by Zac Bertschy,
Welcome to Viginti, the judgement bar of our ruddy-haired, sour-faced friend who showed up last week and challenged Decim to a brawl. Harada, blonde-haired, fresh-faced playboy idol from the boy band C.H.A , and Mayu, C.H.A superfan with a personality bigger than her ridiculous teddy bear hair accessory - show up in Ginti's wood-paneled, carefully manicured bar for a deadly game of Twister. Ginti yawns and grimaces his way through the early part of the game - overseen by his pet cat, Memine - and doesn't come to life until the stakes are raised, when each Twister circle can turn the room into a blast furnace, a meat locker, or a wind tunnel, and naturally here we start learning the tragic (or tragicomic) circumstances behind these two deaths.
As it turns out, Harada - infamous womanizer - was murdered in an explosion masterminded by the sister of a fan he dated who killed herself when he so cavalierly dumped her. Mayu's death wasn't quite so dramatic - she just slipped in the shower on some soap after a C.H.A concert. When the floor drops out and our couple is stranded above a spiky death pit, Ginti tells them that the first one to fall will die, and so the pathos comes out; Harada is inches away from shoving Mayu headfirst into the pit when she sacrifices himself for him, as a thank-you for the years of comfort his songs have given her. Harada sees the error of his ways and tries to save her life, and it looks like everyone here is reincarnation-bound. Ginti, however, couldn't be more irritated by all of this nonsense.
So this is a look inside Ginti's bar, and it's an attempt at showing us just how completely different the Arbiters can be. It's another chink in the armor of the system, another display of how brutally unfair all of this is. If someone winds up in Decim's bar, they're going to be afforded at least some dignity, and Decim's kindness will shine through all the grim proceedings. Not so with Ginti, who couldn't be less interested until his chance to flex his sadistic side comes out - he's all about making these dumb humans squirm for his entertainment, and the dramatic redemption arc and unexpected character turns that happen during his death game is an irritant, something getting in the way of his fun. There's no other backstory, no new revelations about what we saw last week - this could've been the pilot episode, if the series were about Ginti instead.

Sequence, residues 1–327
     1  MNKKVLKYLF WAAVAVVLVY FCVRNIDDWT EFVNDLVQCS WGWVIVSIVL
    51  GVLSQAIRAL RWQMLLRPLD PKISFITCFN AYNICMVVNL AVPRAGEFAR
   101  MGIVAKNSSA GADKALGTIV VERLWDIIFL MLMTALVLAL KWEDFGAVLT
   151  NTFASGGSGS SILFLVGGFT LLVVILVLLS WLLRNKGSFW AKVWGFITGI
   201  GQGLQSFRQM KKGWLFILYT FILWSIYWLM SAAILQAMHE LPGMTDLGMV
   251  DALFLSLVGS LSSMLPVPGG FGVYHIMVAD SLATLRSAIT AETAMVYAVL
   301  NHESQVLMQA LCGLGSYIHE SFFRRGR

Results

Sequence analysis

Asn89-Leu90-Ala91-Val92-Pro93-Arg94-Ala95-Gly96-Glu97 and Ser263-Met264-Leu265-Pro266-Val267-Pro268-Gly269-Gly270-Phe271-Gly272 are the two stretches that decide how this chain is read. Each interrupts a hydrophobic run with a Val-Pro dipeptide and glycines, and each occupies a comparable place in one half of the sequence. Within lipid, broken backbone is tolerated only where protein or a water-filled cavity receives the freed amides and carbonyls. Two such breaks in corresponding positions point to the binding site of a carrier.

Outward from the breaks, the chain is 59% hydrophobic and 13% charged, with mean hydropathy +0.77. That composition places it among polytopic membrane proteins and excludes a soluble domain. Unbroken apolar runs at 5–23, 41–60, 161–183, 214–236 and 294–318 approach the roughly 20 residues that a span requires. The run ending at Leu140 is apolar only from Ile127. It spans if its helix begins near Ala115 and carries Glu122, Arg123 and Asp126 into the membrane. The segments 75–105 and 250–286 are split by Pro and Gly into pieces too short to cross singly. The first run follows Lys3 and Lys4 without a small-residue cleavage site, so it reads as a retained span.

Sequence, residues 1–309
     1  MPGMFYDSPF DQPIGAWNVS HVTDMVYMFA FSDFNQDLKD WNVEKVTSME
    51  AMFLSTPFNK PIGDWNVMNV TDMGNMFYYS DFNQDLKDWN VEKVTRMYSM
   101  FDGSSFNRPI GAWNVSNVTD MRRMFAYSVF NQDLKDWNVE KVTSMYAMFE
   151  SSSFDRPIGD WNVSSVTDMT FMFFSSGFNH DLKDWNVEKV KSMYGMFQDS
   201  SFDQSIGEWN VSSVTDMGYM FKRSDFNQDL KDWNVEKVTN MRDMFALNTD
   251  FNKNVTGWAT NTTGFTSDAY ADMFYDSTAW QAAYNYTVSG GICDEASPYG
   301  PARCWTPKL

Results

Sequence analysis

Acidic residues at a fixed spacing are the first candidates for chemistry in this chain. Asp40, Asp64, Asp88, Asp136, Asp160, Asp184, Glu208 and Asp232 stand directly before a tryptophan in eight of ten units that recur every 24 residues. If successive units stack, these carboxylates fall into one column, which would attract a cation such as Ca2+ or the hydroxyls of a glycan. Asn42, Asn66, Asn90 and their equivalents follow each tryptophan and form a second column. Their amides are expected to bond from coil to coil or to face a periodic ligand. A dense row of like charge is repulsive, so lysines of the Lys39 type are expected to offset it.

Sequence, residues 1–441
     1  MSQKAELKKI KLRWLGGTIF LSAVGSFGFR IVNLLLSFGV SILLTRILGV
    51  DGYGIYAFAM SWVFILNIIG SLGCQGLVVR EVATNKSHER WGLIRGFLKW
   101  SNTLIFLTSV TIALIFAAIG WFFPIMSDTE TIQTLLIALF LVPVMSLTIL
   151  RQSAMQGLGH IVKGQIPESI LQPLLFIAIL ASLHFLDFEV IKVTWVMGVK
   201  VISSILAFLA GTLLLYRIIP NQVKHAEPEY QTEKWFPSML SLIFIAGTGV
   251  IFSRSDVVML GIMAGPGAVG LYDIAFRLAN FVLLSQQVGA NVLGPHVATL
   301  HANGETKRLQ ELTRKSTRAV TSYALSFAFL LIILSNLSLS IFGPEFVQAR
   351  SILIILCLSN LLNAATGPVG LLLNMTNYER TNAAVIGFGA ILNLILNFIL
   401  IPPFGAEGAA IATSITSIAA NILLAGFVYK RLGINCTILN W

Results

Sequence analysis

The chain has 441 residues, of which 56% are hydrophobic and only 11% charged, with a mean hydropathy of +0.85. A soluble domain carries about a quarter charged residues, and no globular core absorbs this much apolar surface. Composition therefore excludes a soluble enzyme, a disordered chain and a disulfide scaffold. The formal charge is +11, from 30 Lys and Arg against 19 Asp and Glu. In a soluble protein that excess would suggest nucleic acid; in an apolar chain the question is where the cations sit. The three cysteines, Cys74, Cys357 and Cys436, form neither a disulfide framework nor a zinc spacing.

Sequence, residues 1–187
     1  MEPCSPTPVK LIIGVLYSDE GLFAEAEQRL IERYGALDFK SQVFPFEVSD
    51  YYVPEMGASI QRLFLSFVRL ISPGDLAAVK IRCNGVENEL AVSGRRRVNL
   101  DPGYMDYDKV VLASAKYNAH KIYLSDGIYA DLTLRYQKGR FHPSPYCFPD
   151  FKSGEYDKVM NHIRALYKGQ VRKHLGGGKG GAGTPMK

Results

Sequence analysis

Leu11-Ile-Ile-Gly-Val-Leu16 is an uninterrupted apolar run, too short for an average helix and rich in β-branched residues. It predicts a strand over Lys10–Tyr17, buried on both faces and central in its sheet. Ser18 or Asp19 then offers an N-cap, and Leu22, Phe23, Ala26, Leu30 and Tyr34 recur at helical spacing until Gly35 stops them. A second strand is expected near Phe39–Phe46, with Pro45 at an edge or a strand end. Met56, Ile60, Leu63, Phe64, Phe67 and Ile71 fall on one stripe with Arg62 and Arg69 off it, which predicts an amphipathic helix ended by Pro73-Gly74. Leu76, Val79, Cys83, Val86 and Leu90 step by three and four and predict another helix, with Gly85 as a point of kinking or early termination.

Thankfully, this is one of the most entertaining and downright silliest episodes of Death Parade so far; Mayu and Harada are a hoot, and the two get a small mountain of hilarious and sometimes touching character moments. Ginti's crappy attitude is a refreshing change of pace; the juxtaposition of the now-standard Death Parade Human Drama with his eye-rolling impatience showcases an entirely different dimension to this show. Ginti seems bored with the very idea of judgment - he even mocks the "drama" of busting out the little "make the game unfair" gadget they use to drag out the darker recesses of the human soul. This must be why Nona seems so unimpressed with him.
Even though the overarching story doesn't move forward in this episode, it's the most fun the show has ever been. The animation is just phenomenal, too - Mayu's wild takes and hyperactive expressions are rendered in crisp, hilarious detail (you can't help but love her wind tunnel face - kudos Mad House on making that sequence laugh-out-loud funny). So while this episode firmly places Death Parade's storytelling prowess at "uneven" - with last week being a cryptic infodump of the highest order followed by, well, this - it's forgivable if we get more wildly entertaining stories like this one. While I still think episode 4 is the show's strongest effort - it's as close to a perfect execution of the Death Parade concept as has existed so far - this is a very close second.
The post-credits sequence made me laugh so hard I startled my cat. What a fantastic episode.
Death Parade is currently streaming on Funimation.
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